This week I decided to take a break from soul-searching and write about homeschooling, specifically homeschooling high school. It's an exciting time for our family and we've learned lots through the transition into the high school years.
Brienne is enjoying House of Anubis on Netflix, and now likes to dress-up in an improvised school uniform
The older my children get the more I understand about interest-led learning, and its many possibilities and forms.
As I write snippets here and there about our experience and our philosophy, and as we meet new friends locally, I get the inevitable question how does it really work letting your kids have educational freedom? And more importantly for many people - how will it all end? How will Céline get into university, and especially for my Québec readers and friends, how will we navigate Cégep?
These are questions I've been wanting to answer. So that's what I've been doing, writing about Céline's current curriculum and interest-led learning in the high school years, what it looks like in our home, and where it might go from here for post-secondary studies.
Interestingly, the shift in writing focus has rekindled personal passions, dreams and visions in me. All of which have laid dormant for months and months. It is a small rekindling. There is no bonfire burning, I don't have the fuel to keep that going, but a flame of inspiration flickers more brightly inside.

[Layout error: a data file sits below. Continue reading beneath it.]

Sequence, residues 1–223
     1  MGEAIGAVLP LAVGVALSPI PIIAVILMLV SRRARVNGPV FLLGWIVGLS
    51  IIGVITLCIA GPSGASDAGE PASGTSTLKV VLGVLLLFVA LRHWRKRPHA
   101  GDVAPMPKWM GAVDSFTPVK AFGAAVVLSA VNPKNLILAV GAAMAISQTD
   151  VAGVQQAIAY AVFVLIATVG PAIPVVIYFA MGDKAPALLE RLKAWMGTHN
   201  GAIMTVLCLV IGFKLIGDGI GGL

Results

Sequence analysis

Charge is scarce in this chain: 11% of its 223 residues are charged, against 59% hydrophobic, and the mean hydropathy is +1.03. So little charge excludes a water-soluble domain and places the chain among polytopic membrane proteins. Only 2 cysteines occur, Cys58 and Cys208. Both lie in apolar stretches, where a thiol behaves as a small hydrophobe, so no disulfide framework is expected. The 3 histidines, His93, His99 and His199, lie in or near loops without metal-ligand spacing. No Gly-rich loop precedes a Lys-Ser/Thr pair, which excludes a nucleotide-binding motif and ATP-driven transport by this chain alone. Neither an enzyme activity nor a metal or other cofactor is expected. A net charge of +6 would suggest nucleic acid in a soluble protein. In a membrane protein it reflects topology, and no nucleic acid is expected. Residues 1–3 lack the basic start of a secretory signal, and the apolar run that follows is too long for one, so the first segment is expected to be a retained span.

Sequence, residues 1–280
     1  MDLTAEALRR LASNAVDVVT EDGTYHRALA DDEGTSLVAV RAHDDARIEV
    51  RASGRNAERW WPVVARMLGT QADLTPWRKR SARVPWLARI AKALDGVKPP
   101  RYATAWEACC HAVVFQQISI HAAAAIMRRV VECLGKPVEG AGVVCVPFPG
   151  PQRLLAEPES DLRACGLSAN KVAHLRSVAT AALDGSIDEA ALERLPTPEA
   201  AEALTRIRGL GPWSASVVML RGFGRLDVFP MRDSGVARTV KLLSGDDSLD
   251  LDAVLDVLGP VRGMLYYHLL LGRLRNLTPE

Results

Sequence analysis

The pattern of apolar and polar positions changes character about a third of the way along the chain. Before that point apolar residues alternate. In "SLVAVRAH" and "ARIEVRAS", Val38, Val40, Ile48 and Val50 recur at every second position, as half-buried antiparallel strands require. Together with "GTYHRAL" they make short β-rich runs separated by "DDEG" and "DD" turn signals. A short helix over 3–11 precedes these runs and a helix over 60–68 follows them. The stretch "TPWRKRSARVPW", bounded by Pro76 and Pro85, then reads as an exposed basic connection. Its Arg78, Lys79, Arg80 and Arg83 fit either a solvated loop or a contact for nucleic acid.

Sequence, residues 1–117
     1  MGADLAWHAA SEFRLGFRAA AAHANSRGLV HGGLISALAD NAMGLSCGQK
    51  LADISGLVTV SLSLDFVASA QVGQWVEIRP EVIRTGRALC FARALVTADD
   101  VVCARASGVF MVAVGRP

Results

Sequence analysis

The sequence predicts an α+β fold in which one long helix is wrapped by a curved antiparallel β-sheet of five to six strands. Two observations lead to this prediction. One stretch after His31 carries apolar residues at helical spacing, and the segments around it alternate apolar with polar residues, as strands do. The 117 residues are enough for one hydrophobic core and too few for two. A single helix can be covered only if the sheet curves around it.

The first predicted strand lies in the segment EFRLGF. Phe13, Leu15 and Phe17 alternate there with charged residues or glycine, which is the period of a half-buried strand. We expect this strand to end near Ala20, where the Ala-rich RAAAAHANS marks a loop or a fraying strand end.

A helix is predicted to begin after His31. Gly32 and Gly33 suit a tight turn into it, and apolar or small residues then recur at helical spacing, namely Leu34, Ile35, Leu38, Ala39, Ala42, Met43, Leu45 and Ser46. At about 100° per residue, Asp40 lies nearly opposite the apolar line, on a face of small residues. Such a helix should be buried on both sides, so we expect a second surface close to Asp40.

Mid-week, when I realized how deep I was into a three, four, five part blog series on homeschooling the high school years, I had an idea I'd like to try to keep things fresh on the blog while I continue writing.
Going deep in my writing seems to be theme for me right now. I have a need to be thorough and explicit, covering all the angles. For me, this is not the time for short and pithy or sound bite ideas.
But while all this soul-searching, or in this week's case, homeschool writing, is going on, so is my beautiful life. The life I want to share with people on my blog because that is just what I do. Fun in My Back Yard.
I am seeing the beauty and relishing the story, once again, of our lives. And I want to write it. The joy, loveliness, heartwarming moments, laughter, and beauty of the days. Days in a life we have worked hard to build, that we have sacrificed a lot to build.
I feel pain and disappointment from some broken dreams that lie at my feet post-hike. I feel disillusioned and adrift somedays about moving forward. I feel loss at having sacrificed a lot of myself to gain incredible experience for our family as a whole.